September 25, 2008 at 6:42 pm #62186AnonymousGuest
Gene discovery will help dog breeders
Janet French, The StarPhoenix
Published: Wednesday, September 24, 2008
A new finding by researchers at the University of Saskatchewan and the
University of Minnesota will give breeders a leg up in preventing a
neurological problem in Labrador retrievers.
Researchers at the veterinary colleges of both universities, along with the
University of California, San Diego, say they have discovered the gene
responsible for exercise-induced collapse (EIC) syndrome, which causes dogs’
legs to collapse during intense exercise and excitement.
“This (discovery) is a big thing in the Labrador retriever world,” says
veterinarian Dr. Robert Gillette, director of the Veterinary Sports Medicine
program at Auburn University in Alabama. Gillette, who investigates illness
and injury prevention in high-performance dogs and horses, was not involved
in the study.
“It would be great to be able to identify this thing (EIC) early,” he
“It’s a heart-breaker disease because it won’t show up until you’ve had the
dog for a period of time, then you’ve fallen in love with the dog and it’s
According to the paper, published Sunday online in the journal Nature
Genetics, a mutation in a dog gene called dynamin 1 is strongly associated
with the condition. The dynamin 1 protein (which is made based on
instructions in the gene) is present in dogs’ brains and spinal cords. It
forms vessels around chemical signals in nerves so those signals can be
sent out of one nerve cell and into the next.
University of Saskatchewan vet college Prof. Dr. Susan Taylor did detailed
physical exams of dogs for the study and was one of the paper’s co- authors.
Dogs were flown in from all over North America for Taylor to assess so she
could root out which dogs have EIC and which have other conditions that
could cause collapse. Her Minnesota colleagues screened the DNA of more than
300 dogs with and without EIC, and were able to narrow the search down to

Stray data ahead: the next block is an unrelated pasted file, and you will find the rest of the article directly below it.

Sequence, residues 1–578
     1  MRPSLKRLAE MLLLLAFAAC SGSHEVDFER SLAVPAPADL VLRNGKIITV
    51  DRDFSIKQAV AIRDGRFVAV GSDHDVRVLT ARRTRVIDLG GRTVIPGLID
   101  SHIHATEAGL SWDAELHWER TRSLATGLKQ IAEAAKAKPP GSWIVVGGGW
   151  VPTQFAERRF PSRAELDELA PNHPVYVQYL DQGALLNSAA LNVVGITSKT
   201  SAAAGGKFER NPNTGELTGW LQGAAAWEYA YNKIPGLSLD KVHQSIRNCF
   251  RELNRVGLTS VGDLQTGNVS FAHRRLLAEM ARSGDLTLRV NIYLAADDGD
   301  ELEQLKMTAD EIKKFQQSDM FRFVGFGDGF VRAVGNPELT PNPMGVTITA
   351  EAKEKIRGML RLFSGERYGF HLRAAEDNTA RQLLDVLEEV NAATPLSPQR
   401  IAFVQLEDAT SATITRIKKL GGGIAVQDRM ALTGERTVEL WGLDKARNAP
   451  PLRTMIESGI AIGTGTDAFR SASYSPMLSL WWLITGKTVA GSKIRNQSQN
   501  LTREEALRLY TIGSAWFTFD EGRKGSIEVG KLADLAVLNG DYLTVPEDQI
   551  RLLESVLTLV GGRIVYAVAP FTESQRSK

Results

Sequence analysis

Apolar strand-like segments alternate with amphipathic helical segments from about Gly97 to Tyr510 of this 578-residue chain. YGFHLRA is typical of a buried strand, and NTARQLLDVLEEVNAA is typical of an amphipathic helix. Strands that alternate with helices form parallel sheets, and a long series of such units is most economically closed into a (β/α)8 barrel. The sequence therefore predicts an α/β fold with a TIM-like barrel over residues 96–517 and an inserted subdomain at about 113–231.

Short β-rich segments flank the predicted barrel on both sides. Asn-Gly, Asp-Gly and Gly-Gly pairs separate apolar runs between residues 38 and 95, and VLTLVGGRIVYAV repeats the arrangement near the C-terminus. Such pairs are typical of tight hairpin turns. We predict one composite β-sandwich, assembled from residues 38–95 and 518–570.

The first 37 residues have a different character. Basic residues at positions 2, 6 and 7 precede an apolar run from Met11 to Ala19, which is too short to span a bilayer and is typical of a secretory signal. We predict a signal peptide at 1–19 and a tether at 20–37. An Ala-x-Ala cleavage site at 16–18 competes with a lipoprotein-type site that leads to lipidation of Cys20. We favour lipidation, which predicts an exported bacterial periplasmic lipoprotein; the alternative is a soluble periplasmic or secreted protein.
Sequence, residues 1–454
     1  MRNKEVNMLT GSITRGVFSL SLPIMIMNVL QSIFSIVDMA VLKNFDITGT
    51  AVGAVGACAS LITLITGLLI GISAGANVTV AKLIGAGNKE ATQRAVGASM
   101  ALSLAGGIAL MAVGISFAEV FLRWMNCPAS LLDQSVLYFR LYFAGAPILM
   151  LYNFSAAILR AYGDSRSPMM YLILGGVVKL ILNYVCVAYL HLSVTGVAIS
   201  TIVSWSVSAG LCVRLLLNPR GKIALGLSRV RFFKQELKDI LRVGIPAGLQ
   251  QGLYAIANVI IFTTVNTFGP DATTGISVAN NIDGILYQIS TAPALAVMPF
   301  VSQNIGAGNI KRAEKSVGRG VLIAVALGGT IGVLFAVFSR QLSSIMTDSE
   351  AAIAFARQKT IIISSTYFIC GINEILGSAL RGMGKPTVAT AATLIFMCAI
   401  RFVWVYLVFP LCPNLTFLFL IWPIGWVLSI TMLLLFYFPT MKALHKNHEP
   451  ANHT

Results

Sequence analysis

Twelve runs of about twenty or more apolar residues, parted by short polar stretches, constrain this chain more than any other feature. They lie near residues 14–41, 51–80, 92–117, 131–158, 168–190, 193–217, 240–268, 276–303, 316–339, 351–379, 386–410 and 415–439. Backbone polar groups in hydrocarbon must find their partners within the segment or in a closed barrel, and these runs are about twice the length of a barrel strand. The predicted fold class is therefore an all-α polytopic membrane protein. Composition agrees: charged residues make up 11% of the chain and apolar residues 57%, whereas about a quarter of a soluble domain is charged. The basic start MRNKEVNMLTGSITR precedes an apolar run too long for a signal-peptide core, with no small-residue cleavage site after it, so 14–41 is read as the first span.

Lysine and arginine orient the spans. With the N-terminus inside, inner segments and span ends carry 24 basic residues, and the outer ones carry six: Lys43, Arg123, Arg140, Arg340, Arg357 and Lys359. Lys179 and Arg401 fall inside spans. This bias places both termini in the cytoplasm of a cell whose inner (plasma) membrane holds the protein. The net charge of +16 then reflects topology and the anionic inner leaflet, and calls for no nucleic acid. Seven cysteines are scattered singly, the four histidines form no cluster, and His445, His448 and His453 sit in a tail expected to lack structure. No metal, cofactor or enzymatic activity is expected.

one errant gene on canine chromosome 9.
Taylor says a mutation in the dynamin 1 protein makes sense, because it only
tends to become active during times of high excitement or exertion and
possibly in hot temperatures.
Although dogs whose legs have collapsed will keep wobbling along and are not
in pain during an episode, occasionally older dogs can die.
“We honestly don’t know exactly why they die,” Taylor said, adding it could
be a seizure or the dog could stop breathing.
EIC can also be career-ending for dogs who compete in hunting trials.
A benefit of identifying the mutation is that breeders can now get a vet to
send a blood sample to the University of Minnesota for a genetic test,
Taylor said. Because the syndrome is a recessive trait, breeders could cross
Labrador who has the mutation with one who doesn’t and get puppies free from
An estimated 30 to 40 per cent of Labradors carry the genetic mutation.
“It’s worth getting it out of the breed,” said Taylor, who believes
eventually, with informed breeding, EIC could be eliminated from the gene
The genetic test will also make it much easier — and cheaper — to
diagnose the syndrome, Taylor said.
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79-4716-a3b9-cafab7a9ce68&k=84539&p=2September 25, 2008 at 9:49 pm #83529*Nick*Member
Val, I agree it is very interesting research and could be very significant. However, and you probably already know what I’m going to say, we’re talking about labrador retrivers here. The hands down most popular breed in the world (I believe). Literally hundreds of thousands are born on this continent alone every year. Maybe 1/10th of the breeding stock have any health tests at all.
I could see this having a real practical application if we were talking about my breed or yours , I hate to say it, but the labrador retriever, as a whole, is doomed. Dedicated breeders who perform health tests ,and include this one, can and hopefully will save the breed but will it be able to maintain the numbers it now has? no way.
What do you think?
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